A Reverse Mortgage Can Provide Tremendous Financial Relief, But Only If It’s Right For You

excerpts from article by Jarret DiToro | Updated March 14th, 2017 on LendingTree.com

Our mortgage experts are often asked about reverse mortgages, many times by folks who are interested in finding an extra source of income, but may have some concerns, and would like some straight-forward information before inquiring further. We’ve put together the pros, cons and hows of this increasingly common financial product in one place to make the learning process a bit easier.

Basic Facts About Reverse Mortgages
Reverse mortgages are loans
At least one of the borrowers needs to be age 62 or above
Those who take a reverse mortgage are borrowing against their home equity
Reverse mortgages do not need to be repaid as long as one of the borrowers lives in the house
Reverse mortgages usually eliminate any other ongoing mortgage payments
Borrowers can choose to receive a monthly payment, lump sum, or line of credit to use against the house (or even a combination thereof)
Reverse mortgages can be a welcome source of financial independence

It’s essential to do your homework before committing. We recommend arranging a consultation with one or more lender consultants.

As the name implies, a reverse mortgage is very much like a traditional mortgage, just in reverse. In a traditional mortgage, the bank hands over a large sum of money upfront so that the borrower can use it to buy a house. That borrower then pays it down over time by making monthly payments.

By contrast, with the most common forms of reverse mortgage, the borrower already has a house, which is usually all or mostly paid off. If they choose the monthly payment option, they receive fixed monthly payments from the bank that they can use on anything they like, and the amount owed to the bank grows over time as the borrower receives their monthly checks. The amount borrowed is only repaid in the event the borrower and their co-borrower (spouse) moves out of the home. This is a critical, and often misunderstood feature of these loans.

How To Determine If A Reverse Mortgage Is Right For You?

Like all financial products, reverse mortgages have pros and cons. Additionally, those who educate themselves can ensure that they maximize the pros while minimizing potential downsides. Here are some of the factors we recommend folks consider:
What is your need for supplemental income?
Do you need to eliminate your current mortgage payment?
Do you need financial independence?
Are you planning on staying in your home for the long term?
Your desire to maximize the estate you leave to heirs
Finally: make sure you’re only talking to reputable, FHA regulated lenders. This will ensure you benefit from a slew of regulations protecting borrowers and features subsidized by the federal government
Additionally, if you do decide to start looking into loans, we recommend people secure multiple offers, then evaluate each of them along fairly typical lines:
What is the interest rate being quoted? (the lower the better obviously)
How much total money is the lender offering and over what time period?
Are there any upfront fees or other charges?
Have you maximized your chances of getting the best deal by evaluating multiple offers?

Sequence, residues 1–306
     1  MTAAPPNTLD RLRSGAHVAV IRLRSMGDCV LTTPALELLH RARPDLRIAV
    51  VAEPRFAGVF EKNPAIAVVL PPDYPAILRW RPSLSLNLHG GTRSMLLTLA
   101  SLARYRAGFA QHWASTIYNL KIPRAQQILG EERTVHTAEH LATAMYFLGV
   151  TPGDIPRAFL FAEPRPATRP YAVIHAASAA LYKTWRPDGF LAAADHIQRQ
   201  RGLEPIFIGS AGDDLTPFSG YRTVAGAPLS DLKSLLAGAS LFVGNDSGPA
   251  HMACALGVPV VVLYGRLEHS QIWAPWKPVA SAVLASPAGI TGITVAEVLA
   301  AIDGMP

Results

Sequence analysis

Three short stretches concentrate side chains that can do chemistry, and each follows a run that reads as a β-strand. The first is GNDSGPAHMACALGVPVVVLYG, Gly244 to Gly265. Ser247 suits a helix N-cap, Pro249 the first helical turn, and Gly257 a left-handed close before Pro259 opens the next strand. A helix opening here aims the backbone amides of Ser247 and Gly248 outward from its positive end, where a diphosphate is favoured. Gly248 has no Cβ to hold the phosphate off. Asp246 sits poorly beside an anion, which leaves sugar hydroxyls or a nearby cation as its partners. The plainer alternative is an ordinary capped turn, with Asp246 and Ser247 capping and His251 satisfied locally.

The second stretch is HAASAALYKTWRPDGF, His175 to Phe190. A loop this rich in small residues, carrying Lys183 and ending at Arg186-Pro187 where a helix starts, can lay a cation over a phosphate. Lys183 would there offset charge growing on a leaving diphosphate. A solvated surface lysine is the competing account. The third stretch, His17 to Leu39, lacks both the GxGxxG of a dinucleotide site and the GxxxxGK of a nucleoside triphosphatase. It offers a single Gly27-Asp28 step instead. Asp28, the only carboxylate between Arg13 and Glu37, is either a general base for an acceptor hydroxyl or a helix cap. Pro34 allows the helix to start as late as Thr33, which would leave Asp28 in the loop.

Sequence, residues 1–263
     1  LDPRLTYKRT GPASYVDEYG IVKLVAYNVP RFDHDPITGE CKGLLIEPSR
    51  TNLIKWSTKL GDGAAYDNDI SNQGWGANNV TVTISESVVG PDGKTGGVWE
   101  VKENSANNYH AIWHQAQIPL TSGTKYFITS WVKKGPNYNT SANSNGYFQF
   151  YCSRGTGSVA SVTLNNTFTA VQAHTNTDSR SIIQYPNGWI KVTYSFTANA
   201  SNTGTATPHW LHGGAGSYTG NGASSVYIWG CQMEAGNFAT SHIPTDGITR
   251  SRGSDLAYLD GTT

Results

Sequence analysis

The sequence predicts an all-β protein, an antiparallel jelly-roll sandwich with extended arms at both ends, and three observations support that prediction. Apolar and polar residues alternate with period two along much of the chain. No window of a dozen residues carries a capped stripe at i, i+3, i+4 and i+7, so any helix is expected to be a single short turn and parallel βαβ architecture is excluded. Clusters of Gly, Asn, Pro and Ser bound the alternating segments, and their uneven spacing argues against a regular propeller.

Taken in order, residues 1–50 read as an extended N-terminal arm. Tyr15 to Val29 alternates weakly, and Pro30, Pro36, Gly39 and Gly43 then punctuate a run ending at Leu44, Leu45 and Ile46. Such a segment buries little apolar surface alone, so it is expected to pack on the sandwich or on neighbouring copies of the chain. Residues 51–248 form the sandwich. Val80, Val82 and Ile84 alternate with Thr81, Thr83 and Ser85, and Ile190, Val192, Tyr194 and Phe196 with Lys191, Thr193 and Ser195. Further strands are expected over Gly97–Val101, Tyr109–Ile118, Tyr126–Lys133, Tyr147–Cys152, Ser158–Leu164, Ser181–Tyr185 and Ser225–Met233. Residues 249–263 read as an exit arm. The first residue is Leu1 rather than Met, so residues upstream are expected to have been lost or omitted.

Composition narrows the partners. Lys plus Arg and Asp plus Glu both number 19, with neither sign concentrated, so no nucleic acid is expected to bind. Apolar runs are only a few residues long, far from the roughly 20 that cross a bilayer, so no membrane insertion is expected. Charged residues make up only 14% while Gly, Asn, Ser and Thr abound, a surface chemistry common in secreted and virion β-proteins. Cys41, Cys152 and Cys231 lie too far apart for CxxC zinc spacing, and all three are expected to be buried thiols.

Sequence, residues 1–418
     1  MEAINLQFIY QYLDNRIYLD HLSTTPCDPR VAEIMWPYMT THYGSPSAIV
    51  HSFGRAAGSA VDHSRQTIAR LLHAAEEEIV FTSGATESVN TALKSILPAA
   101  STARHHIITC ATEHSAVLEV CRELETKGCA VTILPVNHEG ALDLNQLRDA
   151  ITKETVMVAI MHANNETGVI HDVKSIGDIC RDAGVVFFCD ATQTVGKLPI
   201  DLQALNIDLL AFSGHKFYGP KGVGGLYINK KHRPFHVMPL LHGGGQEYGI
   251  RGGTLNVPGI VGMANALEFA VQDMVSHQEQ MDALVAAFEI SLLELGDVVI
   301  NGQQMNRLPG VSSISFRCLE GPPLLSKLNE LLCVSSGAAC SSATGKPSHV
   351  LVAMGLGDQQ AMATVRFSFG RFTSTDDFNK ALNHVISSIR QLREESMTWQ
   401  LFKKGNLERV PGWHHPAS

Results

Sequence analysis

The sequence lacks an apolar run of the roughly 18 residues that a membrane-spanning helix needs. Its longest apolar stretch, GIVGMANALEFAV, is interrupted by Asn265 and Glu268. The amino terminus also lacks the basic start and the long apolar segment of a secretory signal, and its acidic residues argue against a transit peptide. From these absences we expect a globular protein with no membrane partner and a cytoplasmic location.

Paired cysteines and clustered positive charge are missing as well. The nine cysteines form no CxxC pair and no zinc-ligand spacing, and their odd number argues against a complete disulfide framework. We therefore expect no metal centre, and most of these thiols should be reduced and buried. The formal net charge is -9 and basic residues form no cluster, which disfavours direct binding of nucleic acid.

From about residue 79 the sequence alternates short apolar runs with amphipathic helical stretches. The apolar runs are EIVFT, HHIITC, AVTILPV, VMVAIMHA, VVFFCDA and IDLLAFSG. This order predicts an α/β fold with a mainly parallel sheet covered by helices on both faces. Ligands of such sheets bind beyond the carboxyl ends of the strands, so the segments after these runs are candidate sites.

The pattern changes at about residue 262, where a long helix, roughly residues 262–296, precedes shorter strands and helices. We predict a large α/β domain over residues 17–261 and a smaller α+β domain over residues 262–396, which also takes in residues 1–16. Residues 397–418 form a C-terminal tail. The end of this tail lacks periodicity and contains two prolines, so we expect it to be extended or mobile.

Increasingly common: clever folks have started using reverse mortgages to buy their next home when they move, often following retirement. This means they put a certain amount down when they purchase the home, but then never have to make another mortgage payment as long as they live in the new house. This can really help remove some of the uncertainty around paying for increasingly long retirement years.

Disadvantages of Reverse Mortgages

Like any substantial financial decision, we strongly advise those considering a reverse mortgage to evaluate every angle, especially potential drawbacks. The most important things to consider are:
The Mortgage Accumulates Interest: While those who take out a reverse mortgage are not required to make any payments on the loan while they live in their home, interest does accrue on the balance as it builds. Eventually this interest will be paid back once the borrowers leave the home. Sometimes this occurs as a simple repayment from other funds, but often the home is sold once it is no longer being used in order to repay the loan and the interest.
One critical item to note: no matter how long the loan is outstanding, and no matter how much interest is built up, the amount owed will never be more than the value of the home. This is by design so that the debt won’t be passed along to the borrower’s heirs. Also, there is never any obligation to sell the home. The loan can always be repaid in full and the home kept.
The Loan Amount Offered Is Less Than Expected: The loan amount offered by a bank is determined by many factors, including the appraised value of your home, the amount of money, if any, you may owe on an existing mortgage, your age, the bank’s profit margin and the current interest rate environment.
Due to the fact that each bank has different underwriting goals and abilities, we cannot stress enough how critical it is to compare offers from multiple lenders before making any decisions. We also recommend being open about the fact that you are entertaining multiple offers when you speak with the banks. This will encourage them to sharpen their pencils and make a better offer right off the bat.